Can an attorney subpoena medical and arrest records of ex-wife's cohabiting boyfriend? 6 Answers as of October 19, 2016

I am in process of trying to terminate my alimony based on my ex-wife cohabitation, and financially supportive relationship. I recently found out that her boyfriend was addicted to crack cocaine and had been treated at the local medical facility. Can my attorney obtain his medical record? I feel like the money I am paying to my ex and the child support I am paying for my children is being used to support his drug habit.

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The Gufford Law Firm, P.A.
The Gufford Law Firm, P.A. | Joseph Gufford
Arrest records, no problem. In fact, in most jurisdictions, such records are generally available online or are able to be accessed by the public. Medical records are a different story. A little bit more challenging. The real question is that if this guy is addicted to crack cocaine and living with your children is why DCF has not taken any action or why you have not filed an emergency motion to remove your children form that situation.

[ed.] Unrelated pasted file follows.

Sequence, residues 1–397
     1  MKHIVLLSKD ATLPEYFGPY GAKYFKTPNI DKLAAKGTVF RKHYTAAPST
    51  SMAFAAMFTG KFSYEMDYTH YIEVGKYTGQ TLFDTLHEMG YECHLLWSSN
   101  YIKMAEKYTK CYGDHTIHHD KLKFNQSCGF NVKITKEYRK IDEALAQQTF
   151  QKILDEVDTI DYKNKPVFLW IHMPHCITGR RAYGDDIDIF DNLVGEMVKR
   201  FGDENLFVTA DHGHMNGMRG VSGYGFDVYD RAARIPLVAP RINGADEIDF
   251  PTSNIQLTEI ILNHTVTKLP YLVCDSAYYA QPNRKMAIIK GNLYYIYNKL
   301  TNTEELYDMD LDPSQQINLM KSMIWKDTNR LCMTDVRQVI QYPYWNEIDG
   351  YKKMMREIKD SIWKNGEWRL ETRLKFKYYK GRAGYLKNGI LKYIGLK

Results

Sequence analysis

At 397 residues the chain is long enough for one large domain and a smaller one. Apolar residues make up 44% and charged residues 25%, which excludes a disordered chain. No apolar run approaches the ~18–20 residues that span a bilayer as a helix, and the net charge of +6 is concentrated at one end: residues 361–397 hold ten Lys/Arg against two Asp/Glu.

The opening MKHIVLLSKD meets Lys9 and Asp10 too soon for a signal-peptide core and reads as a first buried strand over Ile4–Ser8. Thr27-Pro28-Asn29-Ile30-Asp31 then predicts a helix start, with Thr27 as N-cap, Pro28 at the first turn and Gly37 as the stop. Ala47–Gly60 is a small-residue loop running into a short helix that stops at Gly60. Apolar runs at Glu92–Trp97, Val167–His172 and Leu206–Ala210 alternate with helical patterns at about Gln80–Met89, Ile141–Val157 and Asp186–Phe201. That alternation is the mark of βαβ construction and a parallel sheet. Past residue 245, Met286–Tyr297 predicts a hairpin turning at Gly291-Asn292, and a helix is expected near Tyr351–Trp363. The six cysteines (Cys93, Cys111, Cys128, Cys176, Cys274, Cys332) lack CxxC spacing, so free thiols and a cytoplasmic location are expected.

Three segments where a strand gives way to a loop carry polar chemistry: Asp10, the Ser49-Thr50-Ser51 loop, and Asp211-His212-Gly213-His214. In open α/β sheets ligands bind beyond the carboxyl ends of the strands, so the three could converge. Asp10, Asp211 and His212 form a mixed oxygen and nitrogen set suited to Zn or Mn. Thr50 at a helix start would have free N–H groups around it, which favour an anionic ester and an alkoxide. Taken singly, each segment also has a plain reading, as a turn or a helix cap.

Answer Applies to: Florida
Replied: 10/19/2016
Carey and Leisure | John Smitten
The boyfriend's medical records are not relevant and you cannot get them.
Answer Applies to: Florida
Replied: 10/17/2016
Law Office of Robert E McCall | Robert McCall
Any relevant records of anyone may be subpoenaed.
Answer Applies to: Florida
Replied: 10/13/2016
Mediation Services of Southwest Florida
Mediation Services of Southwest Florida | Dennis J. Leffert, J.D.
In a Court of law, your what you feel is irrelevant and inadmissible. You must prove, with EVIDENCE your allegations. Unless you have documents or some other proof, you have no case. Listen to your attorney?s advise. That is what you are paying him/her for.
Answer Applies to: Florida
Replied: 10/13/2016
Ronald L. Bornstein, P.A. | Ronald L. Bornstein
Generally, with respect to the boyfriend's medical records, no. The arrest records are most likely public record and a subpoena would not be required, though his arrest records would have little or nothing to do with your claim to terminate your alimony obligation. Consult with an attorney to discuss the specifics of your situation and your options.
Answer Applies to: Florida
Replied: 10/13/2016
    R. Jason de Groot, P.A
    R. Jason de Groot, P.A | R. Jason de Groot
    Feelings do not make a case, facts do. The attorney may be able to show that it could lead to relevant information. Hire one soon.
    Answer Applies to: Florida
    Replied: 10/13/2016
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